Where AR-15-style rifles fit in America's tragic history of mass shootings
The weapon used to carry out the mass shooting in Uvalde on Tuesday is one all too familiar to Americans and lawmakers who have witnessed mass shootings occur over the past decade.
The Uvalde gunman used an AR-15-style rifle, a popular range of semiautomatic weapons that was purchased from a sporting goods store, to carry out the attack, Texas Gov. Greg Abbott and law enforcement officials said Wednesday.
This weapon is an AR-15 type called a DDM4 Rifle, which is manufactured by Daniel Defense, The Associated Press reported. The weapon reportedly retails from $400 to $2,000, the AP added.
While officials said the shooter, Salvador Ramos, purchased the gun, ammunition, and another weapon legally, the AR-15 and other guns like it have lingered on the minds of lawmakers for some time in terms of their legality.
In 1994, President Bill Clinton signed an assault-weapons ban, which banned the AR-15 and other similar semiautomatic rifles.
After its ban, mass shootings were down in the decade that followed, in comparison to the decade before (1984-94) and the one after (2004-14), NPR reported in 2018.
Once the assault-weapons ban expired 10 years later in 2004, gun manufacturers quickly began production and sales rose.
AR-15-style semiautomatic weapons are civilian versions of military weapons that gun control advocates say aren't very different.
The AR-15, like its military version, is designed to kill people quickly and in large numbers, hence the term assault-style rifle, gun control advocates told NPR in 2018. They say it has no valid recreational use, and civilians should not be allowed to own them.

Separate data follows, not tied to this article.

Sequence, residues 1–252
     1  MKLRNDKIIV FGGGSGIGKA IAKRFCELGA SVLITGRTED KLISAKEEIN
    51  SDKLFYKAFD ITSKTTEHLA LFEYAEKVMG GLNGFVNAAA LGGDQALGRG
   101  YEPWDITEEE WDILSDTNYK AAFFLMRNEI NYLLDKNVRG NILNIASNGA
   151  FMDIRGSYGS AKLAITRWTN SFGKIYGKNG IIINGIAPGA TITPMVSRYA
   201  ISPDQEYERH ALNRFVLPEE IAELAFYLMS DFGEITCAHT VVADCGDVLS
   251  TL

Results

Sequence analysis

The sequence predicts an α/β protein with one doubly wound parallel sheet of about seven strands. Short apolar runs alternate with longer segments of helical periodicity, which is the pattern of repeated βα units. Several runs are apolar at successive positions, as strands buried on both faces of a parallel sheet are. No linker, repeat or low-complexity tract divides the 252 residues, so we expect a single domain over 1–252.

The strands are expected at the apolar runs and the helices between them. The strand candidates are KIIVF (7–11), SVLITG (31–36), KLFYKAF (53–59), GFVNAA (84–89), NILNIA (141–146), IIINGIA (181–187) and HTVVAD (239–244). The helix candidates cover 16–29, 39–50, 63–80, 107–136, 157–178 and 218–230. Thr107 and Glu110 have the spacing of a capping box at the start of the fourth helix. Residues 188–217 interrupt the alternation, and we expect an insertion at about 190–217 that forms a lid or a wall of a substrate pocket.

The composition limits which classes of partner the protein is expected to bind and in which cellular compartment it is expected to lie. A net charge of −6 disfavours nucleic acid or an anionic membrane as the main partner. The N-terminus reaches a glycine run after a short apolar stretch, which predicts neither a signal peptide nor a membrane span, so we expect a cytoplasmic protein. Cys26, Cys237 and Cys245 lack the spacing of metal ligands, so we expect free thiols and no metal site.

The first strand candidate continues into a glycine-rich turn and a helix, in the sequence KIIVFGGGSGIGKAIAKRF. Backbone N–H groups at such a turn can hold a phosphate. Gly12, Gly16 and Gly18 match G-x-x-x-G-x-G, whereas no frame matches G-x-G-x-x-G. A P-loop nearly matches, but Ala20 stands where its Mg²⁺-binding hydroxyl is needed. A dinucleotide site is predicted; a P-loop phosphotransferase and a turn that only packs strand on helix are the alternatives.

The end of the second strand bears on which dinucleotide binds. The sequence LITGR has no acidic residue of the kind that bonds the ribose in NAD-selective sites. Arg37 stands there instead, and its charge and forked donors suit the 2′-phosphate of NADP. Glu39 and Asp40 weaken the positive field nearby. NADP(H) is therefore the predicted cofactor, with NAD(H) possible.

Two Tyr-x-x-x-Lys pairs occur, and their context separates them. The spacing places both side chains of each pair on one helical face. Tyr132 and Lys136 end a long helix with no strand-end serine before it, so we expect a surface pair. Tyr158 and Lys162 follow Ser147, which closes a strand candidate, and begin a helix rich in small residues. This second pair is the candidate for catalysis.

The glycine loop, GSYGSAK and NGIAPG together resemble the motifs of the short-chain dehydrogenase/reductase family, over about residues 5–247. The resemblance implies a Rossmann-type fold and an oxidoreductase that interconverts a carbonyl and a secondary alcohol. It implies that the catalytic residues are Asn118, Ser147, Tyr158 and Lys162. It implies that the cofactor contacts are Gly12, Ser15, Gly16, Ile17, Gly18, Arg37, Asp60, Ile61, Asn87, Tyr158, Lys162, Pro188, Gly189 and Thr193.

The gun industry, gun owners and their supporters on the other hand, say AR-15s are used for hunting, target practice and shooting competitions and should remain legal, NPR reported in 2018.
The AR-15 was called "America's Rifle" in a January 2016 blog post from the National Rifle Association.
Such AR-15-style weapons are semiautomatic, meaning a shooter must pull the trigger to fire each shot from a magazine that typically carries 30 rounds.
A shooter with a fully automatic assault rifle can pull and hold the trigger and the weapon will fire until the ammunition supply is spent.
Fully automatic weapons have been heavily restricted in the U.S. since the 1934 National Firearms Act, which was directed against machine guns at the time, NPR reported.
The shooting in Uvalde has resurfaced calls for stricter gun laws.
Among those making these demands was former congressman Beto O'Rourke who interrupted Gov. Greg Abbott's news conference in Uvalde on Wednesday, KUT reported.
O'Rourke was escorted outside, where he spoke with reporters.
"He's refused to expand Medicaid, which would bring $10 billion a year, including mental health care access for people who need it," O'Rourke said of Abbott, according to ABC. "He's refused to champion red flag laws. ... He's refused to support safe-storage laws so young people cannot get their hands on their parents' weapons."
The following is a partial list of when an AR-15-style weapon was used in a mass shooting:
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